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New Radio 1 music chief joins criticism of grime-free BRITs

By | Published on Monday 14 March 2016

Chris Price

The incoming music chief at Radio 1 has been busy bigging up the grime scene, joining the chorus of people in the music community who have criticised the recent BRIT Awards for failing to recognise the key artists in this key genre of British music.

Speaking to The Guardian, Chris Price said: “At Radio 1, we’re really focused on making sure we reflect the diversity of our audience in our music policy. And I’d love to see the success of an artist like Stormzy, who’s got a long history with 1xtra and Radio 1, and a top ten single with ‘Shut Up’ – the first freestyle ever to do that – to be reflected at the BRITs. I’d also really love to see the excellent work that 1Xtra does at the black and ethnic minority end of the scale be reflected”.

It’s all the more worthwhile championing the genre at home too, Price reckons, because grime could be the next big UK music export. He goes on: “This year could be quite a turning point for grime. Can this become our big cultural export moment, our hip hop? It feels like international eyes are on the genre. Look at Drake signing to Boy Better Know last month or signing grime artists to his own label, and Kanye West turning up at the BRITs mob-handed with the entire grime industry last year”.

BPI Chair Ged Doherty actually responded to the diversity criticisms aimed at the BRITs this year in another Guardian piece earlier this month, admitting that the awards bash needed to review its voting academy and eligibility criteria, both of which arguably skewed against grime artists this year.

“There are valid reasons why the nominations took the form they did”, Doherty wrote. “In particular that they tend to honour artists who have achieved the highest levels of popularity and that there are no individual awards for specific genres. But this does not mean that we do not need to change”.

He went on: “Britain always prides itself on being one step ahead musically … Britain has led the way and that’s because we’ve always celebrated and loved what’s different. This was not adequately reflected at this year’s BRITs, however, and we have been slow to look to ourselves and recognise that the processes behind the Awards have somehow become disconnected from this heritage of diversity”.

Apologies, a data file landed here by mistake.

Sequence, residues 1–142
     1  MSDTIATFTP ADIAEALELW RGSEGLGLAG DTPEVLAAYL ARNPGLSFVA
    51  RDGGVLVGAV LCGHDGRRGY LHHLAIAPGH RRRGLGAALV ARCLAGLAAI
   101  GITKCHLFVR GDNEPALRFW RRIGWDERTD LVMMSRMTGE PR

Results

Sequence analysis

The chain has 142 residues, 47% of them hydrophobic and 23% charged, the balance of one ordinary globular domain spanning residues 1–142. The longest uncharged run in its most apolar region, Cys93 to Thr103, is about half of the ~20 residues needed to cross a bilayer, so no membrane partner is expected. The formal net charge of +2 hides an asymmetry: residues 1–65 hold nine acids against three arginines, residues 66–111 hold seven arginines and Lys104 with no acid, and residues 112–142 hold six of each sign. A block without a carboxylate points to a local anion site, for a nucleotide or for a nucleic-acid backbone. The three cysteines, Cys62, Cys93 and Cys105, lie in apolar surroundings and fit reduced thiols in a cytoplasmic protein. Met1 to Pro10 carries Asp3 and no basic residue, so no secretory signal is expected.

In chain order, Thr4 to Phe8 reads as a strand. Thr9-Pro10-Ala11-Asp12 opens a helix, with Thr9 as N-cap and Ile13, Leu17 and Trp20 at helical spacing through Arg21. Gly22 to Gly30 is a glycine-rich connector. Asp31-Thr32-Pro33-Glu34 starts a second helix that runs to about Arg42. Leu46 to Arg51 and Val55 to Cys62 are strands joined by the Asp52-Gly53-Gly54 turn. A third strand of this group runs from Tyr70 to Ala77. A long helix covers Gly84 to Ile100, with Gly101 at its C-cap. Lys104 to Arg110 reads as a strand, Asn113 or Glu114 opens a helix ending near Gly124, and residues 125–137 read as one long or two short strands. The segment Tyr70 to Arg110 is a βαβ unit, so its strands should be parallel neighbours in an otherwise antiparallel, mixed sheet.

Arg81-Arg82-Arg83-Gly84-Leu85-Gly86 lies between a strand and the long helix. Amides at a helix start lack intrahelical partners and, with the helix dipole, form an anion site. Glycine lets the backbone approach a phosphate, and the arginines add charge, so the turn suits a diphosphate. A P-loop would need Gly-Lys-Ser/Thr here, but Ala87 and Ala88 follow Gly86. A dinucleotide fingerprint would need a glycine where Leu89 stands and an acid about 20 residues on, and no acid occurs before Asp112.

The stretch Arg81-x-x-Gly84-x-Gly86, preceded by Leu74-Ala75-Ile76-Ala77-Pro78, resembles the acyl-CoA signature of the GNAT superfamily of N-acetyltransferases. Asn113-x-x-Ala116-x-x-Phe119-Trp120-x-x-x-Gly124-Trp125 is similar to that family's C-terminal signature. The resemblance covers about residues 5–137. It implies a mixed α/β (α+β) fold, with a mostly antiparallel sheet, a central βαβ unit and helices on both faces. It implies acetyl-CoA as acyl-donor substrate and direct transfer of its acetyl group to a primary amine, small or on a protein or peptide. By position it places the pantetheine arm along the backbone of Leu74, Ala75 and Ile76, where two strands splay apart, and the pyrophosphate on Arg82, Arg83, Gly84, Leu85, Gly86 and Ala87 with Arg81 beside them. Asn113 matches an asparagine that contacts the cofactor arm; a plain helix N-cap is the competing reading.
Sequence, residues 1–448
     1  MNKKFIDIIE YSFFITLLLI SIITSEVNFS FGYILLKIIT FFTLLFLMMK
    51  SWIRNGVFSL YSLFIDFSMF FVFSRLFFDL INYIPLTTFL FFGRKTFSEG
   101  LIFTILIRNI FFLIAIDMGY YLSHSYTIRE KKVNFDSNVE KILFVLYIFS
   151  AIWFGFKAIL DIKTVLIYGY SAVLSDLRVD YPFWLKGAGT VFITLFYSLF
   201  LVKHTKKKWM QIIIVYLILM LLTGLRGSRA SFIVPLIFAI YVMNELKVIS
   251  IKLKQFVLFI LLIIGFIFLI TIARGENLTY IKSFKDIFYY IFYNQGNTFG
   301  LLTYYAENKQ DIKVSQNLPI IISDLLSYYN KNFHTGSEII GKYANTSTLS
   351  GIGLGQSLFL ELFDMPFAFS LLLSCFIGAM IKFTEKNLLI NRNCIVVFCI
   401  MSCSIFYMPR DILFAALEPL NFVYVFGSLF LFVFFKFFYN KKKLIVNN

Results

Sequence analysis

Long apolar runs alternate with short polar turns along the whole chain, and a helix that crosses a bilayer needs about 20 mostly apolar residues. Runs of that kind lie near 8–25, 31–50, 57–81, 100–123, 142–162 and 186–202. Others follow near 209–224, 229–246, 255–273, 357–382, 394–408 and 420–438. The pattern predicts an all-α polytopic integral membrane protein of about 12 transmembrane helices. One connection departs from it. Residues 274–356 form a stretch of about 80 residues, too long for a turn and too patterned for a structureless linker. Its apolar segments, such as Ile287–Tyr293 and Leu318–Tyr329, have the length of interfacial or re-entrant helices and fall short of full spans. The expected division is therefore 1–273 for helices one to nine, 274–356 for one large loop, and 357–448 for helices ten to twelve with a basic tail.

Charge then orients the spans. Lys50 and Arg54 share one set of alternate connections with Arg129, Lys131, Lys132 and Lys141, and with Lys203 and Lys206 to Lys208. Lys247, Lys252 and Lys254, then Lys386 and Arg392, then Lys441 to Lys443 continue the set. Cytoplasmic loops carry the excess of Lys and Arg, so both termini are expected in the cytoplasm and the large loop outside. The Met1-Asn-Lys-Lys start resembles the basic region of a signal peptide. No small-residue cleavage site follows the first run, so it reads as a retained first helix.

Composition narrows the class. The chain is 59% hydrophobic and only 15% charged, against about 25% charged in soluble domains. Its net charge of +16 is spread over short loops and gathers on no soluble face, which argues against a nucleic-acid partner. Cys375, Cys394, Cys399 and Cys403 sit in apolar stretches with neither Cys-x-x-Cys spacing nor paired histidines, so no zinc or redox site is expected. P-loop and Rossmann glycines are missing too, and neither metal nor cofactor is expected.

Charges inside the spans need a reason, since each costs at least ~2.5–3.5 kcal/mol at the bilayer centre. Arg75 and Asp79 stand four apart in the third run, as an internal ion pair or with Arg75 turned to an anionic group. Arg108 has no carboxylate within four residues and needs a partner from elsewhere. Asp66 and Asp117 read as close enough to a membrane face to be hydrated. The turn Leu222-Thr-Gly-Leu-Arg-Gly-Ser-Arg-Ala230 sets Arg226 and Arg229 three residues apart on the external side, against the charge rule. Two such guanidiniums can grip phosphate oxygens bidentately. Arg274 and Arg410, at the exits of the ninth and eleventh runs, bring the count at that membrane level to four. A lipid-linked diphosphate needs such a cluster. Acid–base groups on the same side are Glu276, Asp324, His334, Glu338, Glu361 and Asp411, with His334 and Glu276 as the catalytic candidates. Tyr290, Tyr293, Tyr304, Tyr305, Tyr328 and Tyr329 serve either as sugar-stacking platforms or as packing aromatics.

Changes already being considered by Doherty and the BPI include altering the make up of the BRITs Academy of 1000+ media and industry types who vote in most of the award categories, and reviewing the rule that artists must have had Top 40 success to qualify for a nomination, given that in some genres acts may now have made a considerably impact without bothering the general music charts too much.

Meanwhile, back at Radio 1, Price also chatted to The Guardian about another recent talking point, a proposal from the government’s Department Of Culture, Media And Sport that his new employer should stop trying to be so populist to ensure it doesn’t compete head-on with commercial rivals in the pop radio space.

“It’s a terrible idea”, Price said. “Breaking new music is enshrined in Radio 1’s service licence, it’s what we’re here to do. But what’s unique about us is that we play brand new music in the mix with more established names, that’s what gives us our size and our strength. So if Radio 1 were to play only music that was ignored by other broadcasters, it would quickly turn into a niche station. We would lose our ability to make the hits, which means commercial radio wouldn’t have any hits to play”.